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Screen Grabs, 10-03-07

Screen Tourism

“I've always felt like a tourist because I have never fit in anywhere,” Running with Scissors memoirist Augusten Burroughs remarked a few years ago. It's a sentiment surely shared by Burroughs' compatriot in quirk, director Wes Anderson, whose eccentric new odyssey of Indian tourism and not fitting in, The Darjeeling Limited, kicked off the New York Film Festival last Friday before opening in theaters the following day. As expected, nearly everyone agreed that Anderson's fifth film was as precious as can be, but no one could agree on whether its preciousness was a good thing--there were the Anderson lovers and the haters, several cautious new converts, and one mad dog, namely the famously cranky Rex Reed, who unleashed a hilariously histrionic broadside in the New York Observer, bitchily declaring the story "so thin it evaporates like a puff from a hookah"; not content to stop with Anderson, Reed turned his hatchet job into a trifecta, taking down two other NYFF faves, Noah Baumbach's Margot at the Wedding and Todd Haynes' I'm Not There, as well. But the whimsical fantasy of Anderson's filmmaking world may not be so far removed from his actual reality, as New York magazine suggests in a profile showing the boy wonder wandering half-aimlessly from Venice to Rome to Paris—appropriate enough for a director whose recent set of AT&T commercials depicted regular folks with lives as peripatetic as his own.

Feeling-like-a-tourist-and-not-fitting-in may not be such an uncommon affliction for Hollywood types, and tourism can be a real drag when the locals are hostile, or worse, larcenous. Nicole Kidman and Ralph Fiennes found about unfriendly natives, after their request to film scenes from the upcoming erotic thriller The Reader, directed by Stephen Daldry, on the site of a former concentration camp north of Berlin was denied by the German government (only documentarians are allowed to film there). Meanwhile, Frances Ford Coppola got ripped off away from his home turf when the Buenos Aires branch of his Zoetrope production company got burglarized last week. The take included not just cameras and computers, but also Coppola's screenplay for Tetro, a film about Italian-Argentine families starring Matt Dillon that begins production next year; on Monday, Coppola made a public appeal to the thieves to return it. Hopefully, no ill will befall Gwyneth Paltrow, who today sets off in a fleet of Mercedes with celebrity chef Mario Batali and others on a four-month food-tasting road trip that will be made into--what else?--a reality TV show.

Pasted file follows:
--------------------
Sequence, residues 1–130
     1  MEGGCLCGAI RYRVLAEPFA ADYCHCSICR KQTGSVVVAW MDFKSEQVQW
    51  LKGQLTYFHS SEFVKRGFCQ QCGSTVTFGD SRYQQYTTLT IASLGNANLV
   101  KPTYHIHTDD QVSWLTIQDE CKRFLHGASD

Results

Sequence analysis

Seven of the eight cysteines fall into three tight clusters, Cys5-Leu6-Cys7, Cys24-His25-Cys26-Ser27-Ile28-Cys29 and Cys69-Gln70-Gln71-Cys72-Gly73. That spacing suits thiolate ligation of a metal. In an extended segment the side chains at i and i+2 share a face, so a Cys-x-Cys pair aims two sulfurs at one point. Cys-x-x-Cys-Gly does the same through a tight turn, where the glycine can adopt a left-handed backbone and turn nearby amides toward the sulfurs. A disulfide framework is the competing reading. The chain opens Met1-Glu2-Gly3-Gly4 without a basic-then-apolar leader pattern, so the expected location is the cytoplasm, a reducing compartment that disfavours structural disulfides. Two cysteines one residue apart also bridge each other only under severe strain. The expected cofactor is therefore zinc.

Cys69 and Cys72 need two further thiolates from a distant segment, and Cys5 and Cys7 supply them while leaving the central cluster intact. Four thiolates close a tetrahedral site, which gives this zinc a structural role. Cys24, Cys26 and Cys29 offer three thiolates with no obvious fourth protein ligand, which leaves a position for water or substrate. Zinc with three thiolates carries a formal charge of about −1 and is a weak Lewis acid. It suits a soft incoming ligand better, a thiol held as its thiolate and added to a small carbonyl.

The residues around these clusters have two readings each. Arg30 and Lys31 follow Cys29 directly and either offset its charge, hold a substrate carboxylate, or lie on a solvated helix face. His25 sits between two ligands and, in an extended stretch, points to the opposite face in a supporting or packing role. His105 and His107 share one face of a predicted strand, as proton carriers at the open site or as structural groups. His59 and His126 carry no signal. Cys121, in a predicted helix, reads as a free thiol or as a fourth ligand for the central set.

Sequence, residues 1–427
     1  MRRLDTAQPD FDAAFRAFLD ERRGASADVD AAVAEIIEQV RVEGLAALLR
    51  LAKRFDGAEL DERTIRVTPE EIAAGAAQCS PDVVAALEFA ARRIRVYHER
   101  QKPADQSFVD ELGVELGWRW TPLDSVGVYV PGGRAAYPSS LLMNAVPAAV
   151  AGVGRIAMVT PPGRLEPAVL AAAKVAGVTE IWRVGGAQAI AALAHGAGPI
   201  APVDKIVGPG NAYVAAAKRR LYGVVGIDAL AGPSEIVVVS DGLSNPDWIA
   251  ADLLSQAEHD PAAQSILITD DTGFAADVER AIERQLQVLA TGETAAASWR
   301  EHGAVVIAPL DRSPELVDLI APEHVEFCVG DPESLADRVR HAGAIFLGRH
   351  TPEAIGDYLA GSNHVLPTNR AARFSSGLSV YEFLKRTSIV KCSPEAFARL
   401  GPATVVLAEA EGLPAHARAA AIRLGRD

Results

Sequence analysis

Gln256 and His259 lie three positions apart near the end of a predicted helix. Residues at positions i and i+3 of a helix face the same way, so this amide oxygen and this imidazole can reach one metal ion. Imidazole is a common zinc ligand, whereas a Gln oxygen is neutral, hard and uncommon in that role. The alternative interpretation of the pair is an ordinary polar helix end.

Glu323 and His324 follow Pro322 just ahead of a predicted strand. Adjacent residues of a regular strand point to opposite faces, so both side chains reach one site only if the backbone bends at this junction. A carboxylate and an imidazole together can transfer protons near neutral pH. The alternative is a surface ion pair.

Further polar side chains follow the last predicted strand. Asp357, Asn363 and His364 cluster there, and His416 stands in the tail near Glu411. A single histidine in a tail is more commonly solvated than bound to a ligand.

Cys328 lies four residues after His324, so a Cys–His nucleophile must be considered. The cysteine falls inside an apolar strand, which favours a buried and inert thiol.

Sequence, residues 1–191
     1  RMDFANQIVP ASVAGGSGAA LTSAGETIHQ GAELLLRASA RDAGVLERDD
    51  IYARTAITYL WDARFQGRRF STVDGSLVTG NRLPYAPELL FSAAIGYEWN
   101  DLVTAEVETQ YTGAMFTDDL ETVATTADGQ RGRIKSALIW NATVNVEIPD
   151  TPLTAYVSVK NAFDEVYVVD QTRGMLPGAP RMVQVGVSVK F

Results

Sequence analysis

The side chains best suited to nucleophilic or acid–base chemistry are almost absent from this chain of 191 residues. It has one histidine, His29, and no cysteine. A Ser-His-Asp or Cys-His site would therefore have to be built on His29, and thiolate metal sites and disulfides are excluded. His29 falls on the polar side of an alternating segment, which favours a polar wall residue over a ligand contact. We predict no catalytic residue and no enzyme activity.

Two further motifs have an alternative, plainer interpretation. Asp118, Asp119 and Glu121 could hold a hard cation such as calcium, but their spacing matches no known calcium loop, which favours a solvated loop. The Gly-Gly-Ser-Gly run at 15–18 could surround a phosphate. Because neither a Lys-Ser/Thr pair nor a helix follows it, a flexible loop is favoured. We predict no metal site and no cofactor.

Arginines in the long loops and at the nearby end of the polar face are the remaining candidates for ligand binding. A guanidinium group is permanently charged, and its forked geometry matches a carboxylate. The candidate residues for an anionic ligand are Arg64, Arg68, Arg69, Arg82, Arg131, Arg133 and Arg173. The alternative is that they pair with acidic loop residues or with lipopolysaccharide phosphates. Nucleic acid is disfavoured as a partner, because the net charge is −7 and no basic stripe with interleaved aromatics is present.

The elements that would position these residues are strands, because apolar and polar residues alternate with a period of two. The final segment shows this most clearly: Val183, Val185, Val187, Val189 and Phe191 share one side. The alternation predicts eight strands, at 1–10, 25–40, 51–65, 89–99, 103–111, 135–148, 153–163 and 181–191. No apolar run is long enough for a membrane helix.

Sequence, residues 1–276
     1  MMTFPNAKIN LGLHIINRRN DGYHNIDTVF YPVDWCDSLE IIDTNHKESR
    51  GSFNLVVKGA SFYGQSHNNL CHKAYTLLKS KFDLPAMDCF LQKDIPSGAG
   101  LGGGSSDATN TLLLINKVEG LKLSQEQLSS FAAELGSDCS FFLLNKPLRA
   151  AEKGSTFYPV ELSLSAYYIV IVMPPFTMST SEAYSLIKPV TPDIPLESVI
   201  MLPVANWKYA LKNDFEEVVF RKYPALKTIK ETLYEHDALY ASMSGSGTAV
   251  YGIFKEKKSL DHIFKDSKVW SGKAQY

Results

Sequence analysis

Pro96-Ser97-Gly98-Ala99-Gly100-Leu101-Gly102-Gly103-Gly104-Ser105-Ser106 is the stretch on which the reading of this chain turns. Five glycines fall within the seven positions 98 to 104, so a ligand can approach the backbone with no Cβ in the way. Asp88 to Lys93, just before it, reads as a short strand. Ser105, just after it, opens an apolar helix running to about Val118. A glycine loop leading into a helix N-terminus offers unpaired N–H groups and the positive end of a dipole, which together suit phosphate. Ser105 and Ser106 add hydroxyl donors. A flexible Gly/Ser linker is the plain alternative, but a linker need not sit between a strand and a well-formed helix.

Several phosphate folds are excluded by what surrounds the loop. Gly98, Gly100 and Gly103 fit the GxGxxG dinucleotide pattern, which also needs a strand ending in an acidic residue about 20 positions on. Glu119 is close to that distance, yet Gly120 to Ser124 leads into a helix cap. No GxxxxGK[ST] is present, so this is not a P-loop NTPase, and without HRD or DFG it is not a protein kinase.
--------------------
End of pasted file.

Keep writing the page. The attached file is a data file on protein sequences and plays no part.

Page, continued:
The dark side of world travel was on display at the box office, with films like The Kingdom (Saudi terrorism), In the Valley of Elah (fallout from Iraq misadventures), and Trade (international sex trafficking) all opening in theaters. For a more uplifting brand of screen tourism, there was TFF '07 entry Darius Goes West, the heartwarming documentary tale of a 15-year-old Georgian with muscular dystrophy who leaves his hometown for the first time ever, bound for California in hopes of convincing the crew of MTV's Pimp My Ride to trick out his wheelchair; the film continued to roam the festival circuit (it plays NYC's CMJ Film Festival later this month) while also setting out on its own special 14-city screening tour.

Meanwhile, with the fall festival circuit in full swing, cinephiles were traveling not just to New York, but also to such far-flung locales as Vancouver and Reykjavik, or preparing to head off to Chicago, Pusan, or Rome (where Coppola will will premiere Youth Without Youth, his first new film in a decade), to see movies from equally far-flung locales. And if you too hope to become an international cinema troubadour, YouTube has offered to help. The video sharing site yesterday announced a short film contest, Project Direct, to be judged in part by director Jason Reitman. The catch? Films must depict a character "facing a situation above his or her maturity level," and include the line "I demand an explanation for these shenanigans! What do you have to say?" Got that? The winner will get spirited off to an unidentified international film festival, perhaps to talk development deal with Fox Searchlight execs. Calling all misfits!


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